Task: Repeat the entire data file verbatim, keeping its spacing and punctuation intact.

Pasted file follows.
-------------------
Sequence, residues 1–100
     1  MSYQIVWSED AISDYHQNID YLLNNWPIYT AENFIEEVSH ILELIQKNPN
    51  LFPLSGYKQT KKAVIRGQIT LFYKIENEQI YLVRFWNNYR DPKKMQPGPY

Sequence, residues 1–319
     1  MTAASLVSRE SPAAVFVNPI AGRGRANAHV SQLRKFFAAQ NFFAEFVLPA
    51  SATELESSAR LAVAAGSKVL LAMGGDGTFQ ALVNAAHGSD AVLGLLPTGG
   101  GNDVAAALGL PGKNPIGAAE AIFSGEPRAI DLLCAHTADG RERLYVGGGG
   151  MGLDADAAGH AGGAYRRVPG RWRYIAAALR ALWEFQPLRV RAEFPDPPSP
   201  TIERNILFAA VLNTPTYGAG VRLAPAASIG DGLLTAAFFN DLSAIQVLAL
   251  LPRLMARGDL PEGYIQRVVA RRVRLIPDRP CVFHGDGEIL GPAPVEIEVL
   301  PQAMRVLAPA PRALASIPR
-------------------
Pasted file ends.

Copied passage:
Sequence, residues 1–100
     1  MSYQIVWSED AISDYHQNID YLLNNWPIYT AENFIEEVSH ILELIQKNPN
    51  LFPLSGYKQT KKAVIRGQIT LFYKIENEQI YLVRFWNNYR DPKKMQPGPY

Sequence, residues 1–319
     1  MTAASLVSRE SPAAVFVNPI AGRGRANAHV SQLRKFFAAQ NFFAEFVLPA
    51  SATELESSAR LAVAAGSKVL LAMGGDGTFQ ALVNAAHGSD AVLGLLPTGG
   101  GNDVAAALGL PGKNPIGAAE AIFSGEPRAI DLLCAHTADG RERLYVGGGG
   151  MGLDADAAGH AGGAYRRVPG RWRYIAAALR ALWEFQPLRV RAEFPDPPSP
   201  TIERNILFAA VLNTPTYGAG VRLAPAASIG DGLLTAAFFN DLSAIQVLAL
   251  LPRLMARGDL PEGYIQRVVA RRVRLIPDRP CVFHGDGEIL GPAPVEIEVL
   301  PQAMRVLAPA PRALASIPR